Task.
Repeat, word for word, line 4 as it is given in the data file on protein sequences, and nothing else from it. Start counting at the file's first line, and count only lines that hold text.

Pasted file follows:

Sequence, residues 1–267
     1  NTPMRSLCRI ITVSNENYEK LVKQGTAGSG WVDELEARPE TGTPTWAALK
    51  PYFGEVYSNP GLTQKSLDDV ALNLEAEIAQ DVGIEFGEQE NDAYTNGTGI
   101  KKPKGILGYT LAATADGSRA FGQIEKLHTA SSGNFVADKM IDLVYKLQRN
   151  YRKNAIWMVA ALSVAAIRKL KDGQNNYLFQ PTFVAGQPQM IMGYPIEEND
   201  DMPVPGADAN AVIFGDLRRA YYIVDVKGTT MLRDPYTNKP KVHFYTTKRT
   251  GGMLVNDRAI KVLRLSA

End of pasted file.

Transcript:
   101  KKPKGILGYT LAATADGSRA FGQIEKLHTA SSGNFVADKM IDLVYKLQRN